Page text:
Petitioner also objects that the Report did not address Petitioner's argument that the California Court of Appeal's decision omitted several critical facts about P.H.'s absence and therefore was based on an unreasonable determination of the facts under 28 U.S.C. § 2254(d)(2). (Objections at 3-4.) But Petitioner did not raise any identifiable argument under § 2254(d)(2) in his Petition. He only asserted in a conclusory fashion that the California Court of Appeal's decision was based on “an unreasonable determination of fact, as set forth in the above discussion.” (Petition Memorandum (“Petition Mem.”) at 13.) Yet the “above discussion” gave the Court no indication as to why Petitioner was alleging an unreasonable determination of the facts. (Petition Mem. at 8-13.) Thus, because this argument is effectively being raised for the first time in the Objections to the Report, the Court has no duty to consider it. See United States v. Howell, 231 F.3d 615, 623 (9th Cir. 2000) (recognizing that a district court may decline to consider factual allegations raised for the first time in objections to a magistrate judge's report and recommendation where the specific allegations were available before the magistrate's proceedings ever began).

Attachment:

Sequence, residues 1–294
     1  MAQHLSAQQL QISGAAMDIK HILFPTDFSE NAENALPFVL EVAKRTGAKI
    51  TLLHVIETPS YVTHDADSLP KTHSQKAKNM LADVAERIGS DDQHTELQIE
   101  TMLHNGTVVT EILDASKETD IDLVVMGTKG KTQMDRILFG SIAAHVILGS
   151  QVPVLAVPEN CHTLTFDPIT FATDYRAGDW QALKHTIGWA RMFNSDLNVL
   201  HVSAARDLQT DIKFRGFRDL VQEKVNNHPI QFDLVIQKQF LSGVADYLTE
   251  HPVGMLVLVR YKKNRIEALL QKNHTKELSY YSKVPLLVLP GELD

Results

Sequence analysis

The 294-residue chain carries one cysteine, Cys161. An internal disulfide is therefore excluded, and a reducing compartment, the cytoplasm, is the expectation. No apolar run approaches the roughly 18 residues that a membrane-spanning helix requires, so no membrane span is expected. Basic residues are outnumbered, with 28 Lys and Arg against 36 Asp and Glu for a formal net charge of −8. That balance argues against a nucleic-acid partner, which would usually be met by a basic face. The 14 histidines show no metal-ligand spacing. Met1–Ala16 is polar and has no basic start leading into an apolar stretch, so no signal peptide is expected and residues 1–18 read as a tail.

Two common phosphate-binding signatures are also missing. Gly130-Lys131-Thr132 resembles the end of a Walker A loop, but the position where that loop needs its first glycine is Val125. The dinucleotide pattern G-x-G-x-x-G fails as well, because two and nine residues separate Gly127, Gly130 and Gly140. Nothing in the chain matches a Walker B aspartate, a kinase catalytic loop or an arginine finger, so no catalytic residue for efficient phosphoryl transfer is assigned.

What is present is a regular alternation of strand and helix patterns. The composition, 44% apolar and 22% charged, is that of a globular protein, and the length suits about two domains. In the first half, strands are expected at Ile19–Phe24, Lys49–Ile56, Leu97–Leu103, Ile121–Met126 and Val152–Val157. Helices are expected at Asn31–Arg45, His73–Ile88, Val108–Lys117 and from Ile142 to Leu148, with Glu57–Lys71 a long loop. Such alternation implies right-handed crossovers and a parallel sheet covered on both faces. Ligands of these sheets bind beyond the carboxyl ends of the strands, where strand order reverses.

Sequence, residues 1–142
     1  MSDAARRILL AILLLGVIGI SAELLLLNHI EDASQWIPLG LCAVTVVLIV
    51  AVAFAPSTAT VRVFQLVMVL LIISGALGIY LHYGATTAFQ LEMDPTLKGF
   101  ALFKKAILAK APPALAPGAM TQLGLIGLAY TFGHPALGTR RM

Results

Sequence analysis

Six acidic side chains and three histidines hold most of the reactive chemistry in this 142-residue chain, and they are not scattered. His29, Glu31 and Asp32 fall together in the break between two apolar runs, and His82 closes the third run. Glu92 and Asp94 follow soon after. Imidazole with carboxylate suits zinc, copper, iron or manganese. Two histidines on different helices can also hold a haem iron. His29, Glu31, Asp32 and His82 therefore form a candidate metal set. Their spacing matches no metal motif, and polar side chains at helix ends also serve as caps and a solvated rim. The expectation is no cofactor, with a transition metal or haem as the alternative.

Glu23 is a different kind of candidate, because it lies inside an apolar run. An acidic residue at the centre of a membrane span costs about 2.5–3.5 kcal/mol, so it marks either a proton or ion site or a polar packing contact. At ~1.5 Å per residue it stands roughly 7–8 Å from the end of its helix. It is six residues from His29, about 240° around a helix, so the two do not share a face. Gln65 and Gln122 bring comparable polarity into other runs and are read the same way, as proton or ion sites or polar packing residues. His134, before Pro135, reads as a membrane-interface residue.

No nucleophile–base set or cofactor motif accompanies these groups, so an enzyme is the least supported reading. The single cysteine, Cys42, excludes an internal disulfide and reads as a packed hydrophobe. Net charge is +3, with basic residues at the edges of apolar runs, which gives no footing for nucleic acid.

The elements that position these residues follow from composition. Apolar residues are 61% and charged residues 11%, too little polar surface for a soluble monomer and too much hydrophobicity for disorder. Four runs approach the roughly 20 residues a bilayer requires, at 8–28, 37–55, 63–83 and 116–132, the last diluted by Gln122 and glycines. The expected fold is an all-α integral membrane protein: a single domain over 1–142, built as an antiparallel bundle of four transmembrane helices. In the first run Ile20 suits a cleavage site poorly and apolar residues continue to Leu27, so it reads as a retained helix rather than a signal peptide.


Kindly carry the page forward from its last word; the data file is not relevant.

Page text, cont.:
Petitioner also objects to the Report's findings about the involvement of P.H.'s mother, asserting that “the Report does not cite any actual promise by P.H.'s mother that P.H. would appear.” (Objections at 6 (emphasis in original).) To the contrary, the Report cited the California Court of Appeal's finding, which the parties do not dispute, that P.H.'s mother assured the prosecutor in late 2016 (before the retrial in November 2016) that she would make sure P.H. returned to the United States for the retrial. (Report at 25 (citing Lodg. No. 8 at 6).)

         C. Objections Regarding the Closing Argument Claim.

         During closing arguments, the prosecutor made various remarks that Petitioner claims violated his constitutional rights. (Report at 26.) The prosecutor's remarks involved, among other things, expert testimony about sexual abuse, P.H.'s financial motives, and the social ramifications of the verdict for future victims. (Id. at 38-40.)

         Petitioner objects to the Report's finding that his claim involving the expert's testimony is subject to review under the AEDPA, based on the Court's determination that the California Court of Appeal had rejected the claim on the merits. (Objections at 7.) Petitioner points out that Respondent “conceded that AEDPA review does not apply to this claim.” (Id. (emphasis in original).) But the Court must independently determine the correct standard of review, regardless of the government's waiver. See Amado v. Gonzalez, 758 F.3d 1119, 1133 n.9 (9th Cir. 2014) (“[W]e have the obligation to apply the correct standard, for the issue is non-waivable.”) (citing, inter alia, Gardner v. Galetka, 568 F.3d 862, 879 (10th Cir. 2009) (“We agree with our sibling circuits that the correct ...